Over the course of that year, NeuroTherm moved the company’s facility, expanding their team to add an additional 40 employees. They worked on clearing up problems with the FDA and continued to build out their R&D capabilities.
And when St. Jude came calling again, this time von Jako agreed to hear their offer.
“The synergy between St. Jude Medical and us was obvious. They have a larger sales force. They’re in the same market space. They are a worldwide leading medical device company. They could do a lot with the products,” he explained. “They understood the value proposition that we had.”
By July of 2014, they had a deal. St. Jude would buy NeuroTherm and its spinal pain devices for $200 million.
Learning to keep a steady hand
von Jako knew from personal experience that when a company is sold, it can leave employees on the edge of their seats, wondering if they will still have a job when the dust settles. At the time of his first medtech buy-out, he was newly-engaged and his job wasn’t a sure thing.
“So every deal that I’ve done, I’ve always made sure that we’ve taken care of the employees because I knew selling to St. Jude meant that people may not have a job in the future,” he said. “I tried to empathize with them and I tried to set the company up so that people could land in the right spots.”
He had spent his year and a half as CEO building trust among the employees. Now, he was worried that it would fall apart once they found out he was selling the company.
“I tried to explain to them, ‘I really didn’t think we were going to sell the company this quickly. That was not what I had in mind and this is the best thing for the owners – and this is the way we move forward,’” he said.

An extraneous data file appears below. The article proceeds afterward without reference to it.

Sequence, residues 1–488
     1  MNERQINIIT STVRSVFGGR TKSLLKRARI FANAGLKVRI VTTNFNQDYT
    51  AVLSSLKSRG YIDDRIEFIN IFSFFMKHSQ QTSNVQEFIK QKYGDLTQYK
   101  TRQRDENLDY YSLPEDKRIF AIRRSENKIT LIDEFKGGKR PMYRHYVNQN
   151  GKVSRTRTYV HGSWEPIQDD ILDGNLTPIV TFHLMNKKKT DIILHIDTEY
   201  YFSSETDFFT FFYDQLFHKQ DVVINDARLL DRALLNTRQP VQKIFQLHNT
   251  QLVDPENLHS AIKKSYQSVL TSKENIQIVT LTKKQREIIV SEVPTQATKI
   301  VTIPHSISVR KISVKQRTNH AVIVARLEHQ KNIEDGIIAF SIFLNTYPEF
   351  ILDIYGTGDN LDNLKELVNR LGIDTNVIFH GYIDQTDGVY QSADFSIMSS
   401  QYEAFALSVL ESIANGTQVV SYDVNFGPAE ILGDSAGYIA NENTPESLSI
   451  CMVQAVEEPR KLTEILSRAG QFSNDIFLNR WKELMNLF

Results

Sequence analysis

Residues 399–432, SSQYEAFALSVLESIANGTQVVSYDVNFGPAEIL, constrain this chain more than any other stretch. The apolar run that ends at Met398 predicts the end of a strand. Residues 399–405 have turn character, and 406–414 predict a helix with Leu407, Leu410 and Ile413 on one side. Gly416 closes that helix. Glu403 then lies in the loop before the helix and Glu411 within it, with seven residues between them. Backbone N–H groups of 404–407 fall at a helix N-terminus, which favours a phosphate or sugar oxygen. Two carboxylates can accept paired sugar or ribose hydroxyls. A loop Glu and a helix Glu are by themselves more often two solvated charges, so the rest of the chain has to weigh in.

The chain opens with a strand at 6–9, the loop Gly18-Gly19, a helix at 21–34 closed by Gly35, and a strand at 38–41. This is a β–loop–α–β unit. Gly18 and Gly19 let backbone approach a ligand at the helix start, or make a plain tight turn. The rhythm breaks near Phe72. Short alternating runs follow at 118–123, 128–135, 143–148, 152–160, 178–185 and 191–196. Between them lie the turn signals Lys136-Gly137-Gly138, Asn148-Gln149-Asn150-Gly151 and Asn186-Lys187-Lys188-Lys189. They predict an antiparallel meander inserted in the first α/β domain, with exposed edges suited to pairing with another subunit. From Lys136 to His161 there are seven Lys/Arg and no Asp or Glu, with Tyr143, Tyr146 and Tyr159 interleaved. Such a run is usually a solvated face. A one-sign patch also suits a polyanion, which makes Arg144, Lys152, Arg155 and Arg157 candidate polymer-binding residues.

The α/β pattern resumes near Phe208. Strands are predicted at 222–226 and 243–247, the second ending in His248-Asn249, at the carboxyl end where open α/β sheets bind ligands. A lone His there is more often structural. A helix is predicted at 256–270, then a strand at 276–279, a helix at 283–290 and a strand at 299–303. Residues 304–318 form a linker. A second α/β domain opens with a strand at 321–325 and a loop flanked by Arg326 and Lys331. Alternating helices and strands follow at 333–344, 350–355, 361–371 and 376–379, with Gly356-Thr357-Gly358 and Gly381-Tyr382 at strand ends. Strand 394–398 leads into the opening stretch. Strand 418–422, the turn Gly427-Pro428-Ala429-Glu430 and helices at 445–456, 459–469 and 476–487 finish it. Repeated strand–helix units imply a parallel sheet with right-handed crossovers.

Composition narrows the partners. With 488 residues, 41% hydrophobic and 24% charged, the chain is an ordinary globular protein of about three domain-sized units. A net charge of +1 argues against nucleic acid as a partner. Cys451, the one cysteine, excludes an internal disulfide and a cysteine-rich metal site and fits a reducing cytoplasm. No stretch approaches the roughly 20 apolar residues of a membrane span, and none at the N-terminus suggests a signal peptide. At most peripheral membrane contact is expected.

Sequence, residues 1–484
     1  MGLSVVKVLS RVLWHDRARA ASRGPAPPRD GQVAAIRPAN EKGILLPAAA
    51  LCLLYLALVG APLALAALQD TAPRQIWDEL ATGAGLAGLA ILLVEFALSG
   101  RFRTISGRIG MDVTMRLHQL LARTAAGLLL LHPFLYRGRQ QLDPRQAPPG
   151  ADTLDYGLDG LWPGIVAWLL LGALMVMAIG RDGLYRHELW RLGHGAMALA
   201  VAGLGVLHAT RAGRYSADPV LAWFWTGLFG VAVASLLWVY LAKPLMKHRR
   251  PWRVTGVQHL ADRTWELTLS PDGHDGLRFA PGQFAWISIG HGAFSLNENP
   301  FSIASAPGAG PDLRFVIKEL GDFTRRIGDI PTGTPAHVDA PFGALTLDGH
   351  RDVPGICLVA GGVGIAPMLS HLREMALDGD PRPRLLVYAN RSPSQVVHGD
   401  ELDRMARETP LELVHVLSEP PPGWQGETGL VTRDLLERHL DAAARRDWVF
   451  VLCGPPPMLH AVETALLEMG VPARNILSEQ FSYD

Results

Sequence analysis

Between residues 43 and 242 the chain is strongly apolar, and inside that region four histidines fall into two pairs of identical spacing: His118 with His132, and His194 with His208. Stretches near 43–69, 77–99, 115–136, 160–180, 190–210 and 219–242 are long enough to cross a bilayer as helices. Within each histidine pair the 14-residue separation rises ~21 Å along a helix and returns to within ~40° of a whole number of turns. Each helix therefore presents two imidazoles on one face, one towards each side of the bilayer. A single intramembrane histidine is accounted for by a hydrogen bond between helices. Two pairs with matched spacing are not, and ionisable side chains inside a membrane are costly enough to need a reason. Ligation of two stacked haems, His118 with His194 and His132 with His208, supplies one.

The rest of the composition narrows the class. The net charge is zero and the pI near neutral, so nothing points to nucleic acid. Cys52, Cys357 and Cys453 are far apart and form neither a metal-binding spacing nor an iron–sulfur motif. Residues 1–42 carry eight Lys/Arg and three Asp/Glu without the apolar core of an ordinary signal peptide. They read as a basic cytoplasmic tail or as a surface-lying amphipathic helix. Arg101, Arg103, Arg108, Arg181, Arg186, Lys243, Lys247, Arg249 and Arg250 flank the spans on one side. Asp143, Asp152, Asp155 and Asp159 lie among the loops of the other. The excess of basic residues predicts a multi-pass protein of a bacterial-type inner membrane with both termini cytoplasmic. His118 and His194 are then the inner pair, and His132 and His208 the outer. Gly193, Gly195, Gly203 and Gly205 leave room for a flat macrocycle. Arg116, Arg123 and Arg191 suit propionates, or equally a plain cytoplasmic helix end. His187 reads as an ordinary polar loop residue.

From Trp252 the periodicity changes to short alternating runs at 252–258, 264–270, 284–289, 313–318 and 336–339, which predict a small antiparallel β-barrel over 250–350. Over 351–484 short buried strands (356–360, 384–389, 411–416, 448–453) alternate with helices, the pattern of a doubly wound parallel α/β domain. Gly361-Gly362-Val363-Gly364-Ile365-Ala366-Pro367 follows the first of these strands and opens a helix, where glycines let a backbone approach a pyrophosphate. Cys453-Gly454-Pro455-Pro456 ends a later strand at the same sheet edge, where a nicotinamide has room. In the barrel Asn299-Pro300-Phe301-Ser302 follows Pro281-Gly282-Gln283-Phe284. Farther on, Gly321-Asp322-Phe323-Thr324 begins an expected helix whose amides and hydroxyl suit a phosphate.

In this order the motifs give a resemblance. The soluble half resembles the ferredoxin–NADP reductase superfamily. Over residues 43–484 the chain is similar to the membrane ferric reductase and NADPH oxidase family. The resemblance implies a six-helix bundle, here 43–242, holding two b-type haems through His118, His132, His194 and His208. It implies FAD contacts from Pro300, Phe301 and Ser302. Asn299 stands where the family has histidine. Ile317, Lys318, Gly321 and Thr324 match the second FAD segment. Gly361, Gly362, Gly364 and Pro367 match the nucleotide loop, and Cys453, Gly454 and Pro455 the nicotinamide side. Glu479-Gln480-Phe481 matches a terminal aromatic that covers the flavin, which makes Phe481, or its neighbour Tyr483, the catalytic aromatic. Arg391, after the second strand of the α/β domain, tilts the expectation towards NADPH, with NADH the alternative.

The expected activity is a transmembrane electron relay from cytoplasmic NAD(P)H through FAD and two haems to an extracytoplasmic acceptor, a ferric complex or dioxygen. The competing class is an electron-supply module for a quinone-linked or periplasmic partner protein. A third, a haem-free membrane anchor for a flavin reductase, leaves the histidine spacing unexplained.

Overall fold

“I think having good communication, understanding the employees, is important. Listening to them and empathizing with them and understanding what the situation is going to be. And making sure that it’s a good transition for a lot of the employees. I made sure that everybody in the company actually got something.”
Although some of NeuroTherm’s employees left, others ended up landing jobs within the newly-bought company.
“Where there’s change, there’s always opportunity,” von Jako said.
After five successful medtech M&As throughout his career, von Jako knows there are essential skills that all leaders need to navigate a buy-out. His top tip for any CEO is to maintain a degree of steadiness and stability.
“There are these incredible highs and lows throughout the process and you just have to stay as realistic as possible,” he said.
In addition to building a team of strong directors and managers, who von Jako credits with helping him close NeuroTherm’s successful sale, it’s also crucial to advocate for your employees.
“Make sure that the employees are going to be taken care of because you want to retain value on the other side,” he said. “You don’t want good employees to leave because that’s what the buyers are buying.”
“You want to make sure that you’re advocating for the people that really helped you out during the whole process,” he added, “because it’s just going to help the other company as well.”